Impressed with the expansion, buy--siders name the Swiss banking behemoth the leader of the 2008 Latin America Research Team, Institutional Investor’s 16th annual ranking of the top -equity research providers in the region. The results reflect the opinions of 375 buy-side analysts and investment professionals at 230 institutions, which collectively manage an estimated $323 billion in Latin American -equities.

Credit Suisse, which rises from second place, captures 18 total team positions, four more than last year, including six first-place finishes, double its number in 2007. UBS Pactual slips from first to second, with 17 team positions; the firm held its research department head count to 32 but added coverage of 40 more stocks last year, for a total of 185 companies, Fraser says. Rising one notch each, to third and fourth place, respectively, are Merrill Lynch (12 positions) and Santander Investment Securities (nine). Merrill added four Latin America analysts last year and plans to add two more, according to Quinton. Santander went on a hiring spree in 2007: Its research department grew by nearly 50 percent, to 44 analysts, according to Cristián Moreno, New York–based head of Latin America equity -research.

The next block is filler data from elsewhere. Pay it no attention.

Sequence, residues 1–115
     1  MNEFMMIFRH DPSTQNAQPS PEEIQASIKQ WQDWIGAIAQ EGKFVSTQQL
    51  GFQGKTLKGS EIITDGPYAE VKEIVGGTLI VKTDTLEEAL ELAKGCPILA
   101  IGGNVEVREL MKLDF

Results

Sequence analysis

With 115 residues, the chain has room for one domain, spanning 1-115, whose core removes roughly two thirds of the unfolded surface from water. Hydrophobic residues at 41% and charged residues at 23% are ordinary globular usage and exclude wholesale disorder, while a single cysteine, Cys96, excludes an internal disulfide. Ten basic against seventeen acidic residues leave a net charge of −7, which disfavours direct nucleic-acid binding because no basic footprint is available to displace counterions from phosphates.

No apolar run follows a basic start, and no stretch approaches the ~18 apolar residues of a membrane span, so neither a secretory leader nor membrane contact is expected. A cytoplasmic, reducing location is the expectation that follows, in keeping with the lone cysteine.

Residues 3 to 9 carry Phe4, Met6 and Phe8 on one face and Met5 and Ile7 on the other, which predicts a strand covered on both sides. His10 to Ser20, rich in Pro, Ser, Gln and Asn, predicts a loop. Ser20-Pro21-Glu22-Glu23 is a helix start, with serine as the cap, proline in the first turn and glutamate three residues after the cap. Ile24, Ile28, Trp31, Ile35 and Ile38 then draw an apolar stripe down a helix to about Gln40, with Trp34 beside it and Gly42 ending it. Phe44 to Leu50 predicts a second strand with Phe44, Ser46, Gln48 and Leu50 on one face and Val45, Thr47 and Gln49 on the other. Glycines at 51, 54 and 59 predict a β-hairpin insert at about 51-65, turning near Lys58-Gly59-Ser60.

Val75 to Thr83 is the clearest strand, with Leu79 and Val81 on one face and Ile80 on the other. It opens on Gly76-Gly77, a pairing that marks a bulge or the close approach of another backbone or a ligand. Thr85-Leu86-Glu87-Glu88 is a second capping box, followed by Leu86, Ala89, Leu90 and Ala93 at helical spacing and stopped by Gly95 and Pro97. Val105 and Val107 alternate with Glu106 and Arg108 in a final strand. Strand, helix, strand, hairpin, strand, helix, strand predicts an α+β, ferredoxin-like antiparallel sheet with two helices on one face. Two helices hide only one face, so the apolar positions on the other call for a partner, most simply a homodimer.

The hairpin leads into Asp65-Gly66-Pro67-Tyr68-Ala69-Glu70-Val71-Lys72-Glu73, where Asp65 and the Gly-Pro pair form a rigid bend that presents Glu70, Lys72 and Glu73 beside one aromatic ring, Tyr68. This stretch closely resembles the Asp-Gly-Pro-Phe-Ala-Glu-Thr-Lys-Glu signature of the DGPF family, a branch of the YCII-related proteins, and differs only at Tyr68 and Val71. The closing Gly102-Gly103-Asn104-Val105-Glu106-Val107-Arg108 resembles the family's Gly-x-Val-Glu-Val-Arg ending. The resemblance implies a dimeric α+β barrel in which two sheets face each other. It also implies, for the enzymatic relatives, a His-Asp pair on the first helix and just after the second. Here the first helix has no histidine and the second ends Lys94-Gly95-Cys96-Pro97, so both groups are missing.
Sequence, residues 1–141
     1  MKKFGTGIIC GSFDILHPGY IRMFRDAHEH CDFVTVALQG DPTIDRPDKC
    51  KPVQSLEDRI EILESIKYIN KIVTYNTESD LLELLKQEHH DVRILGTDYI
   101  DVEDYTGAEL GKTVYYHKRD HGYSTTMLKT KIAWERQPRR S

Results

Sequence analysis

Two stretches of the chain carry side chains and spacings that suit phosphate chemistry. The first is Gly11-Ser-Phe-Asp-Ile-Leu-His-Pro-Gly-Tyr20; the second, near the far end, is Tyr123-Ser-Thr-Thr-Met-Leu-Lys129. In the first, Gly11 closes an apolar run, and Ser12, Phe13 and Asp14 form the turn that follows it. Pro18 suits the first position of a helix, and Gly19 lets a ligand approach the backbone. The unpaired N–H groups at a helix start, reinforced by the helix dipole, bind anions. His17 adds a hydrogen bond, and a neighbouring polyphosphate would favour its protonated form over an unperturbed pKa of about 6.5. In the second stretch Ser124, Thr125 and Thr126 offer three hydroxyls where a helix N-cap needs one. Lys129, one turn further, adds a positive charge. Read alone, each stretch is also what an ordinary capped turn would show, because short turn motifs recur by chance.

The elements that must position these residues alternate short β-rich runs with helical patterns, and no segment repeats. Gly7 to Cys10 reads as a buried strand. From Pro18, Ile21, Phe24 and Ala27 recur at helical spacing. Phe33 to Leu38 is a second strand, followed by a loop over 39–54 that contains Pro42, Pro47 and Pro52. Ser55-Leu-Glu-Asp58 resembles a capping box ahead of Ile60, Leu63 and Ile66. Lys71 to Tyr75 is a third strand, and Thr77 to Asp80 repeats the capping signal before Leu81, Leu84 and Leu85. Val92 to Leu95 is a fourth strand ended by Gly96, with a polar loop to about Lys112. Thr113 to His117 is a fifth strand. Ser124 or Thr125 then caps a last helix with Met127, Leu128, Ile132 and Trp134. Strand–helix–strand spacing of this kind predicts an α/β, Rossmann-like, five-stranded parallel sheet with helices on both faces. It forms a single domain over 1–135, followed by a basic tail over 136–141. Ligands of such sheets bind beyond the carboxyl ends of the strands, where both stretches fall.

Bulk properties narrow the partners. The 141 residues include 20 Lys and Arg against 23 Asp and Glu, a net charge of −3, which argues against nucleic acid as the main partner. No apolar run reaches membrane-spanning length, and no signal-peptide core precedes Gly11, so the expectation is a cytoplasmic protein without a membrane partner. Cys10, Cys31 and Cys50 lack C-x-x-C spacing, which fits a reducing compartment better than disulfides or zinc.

JPMorgan jumps from seventh place to fifth, after increasing its Latin America research staff by six publishing analysts, to 27. “We were very New York–focused, but we took the decision that we needed to beef up the -local presence, so we have been putting people -into Mexico, Brazil and -Chile to get -closer to companies and build more of a regional presence,” says Santiago--based Ben Laidler, a former -equity strategist at UBS Pactual who moved to -JPMorgan in October to head up Latin American -equity research and s-trategy.

Bolstering local coverage is increasingly important as Latin American countries establish individual market identities in the eyes of investors. In recognition of the rising dominance of -local markets, we are shining a spotlight on the four top--ranked team leaders who direct equity coverage on a countrywide basis; all four lead No. 1 teams for the first time this year.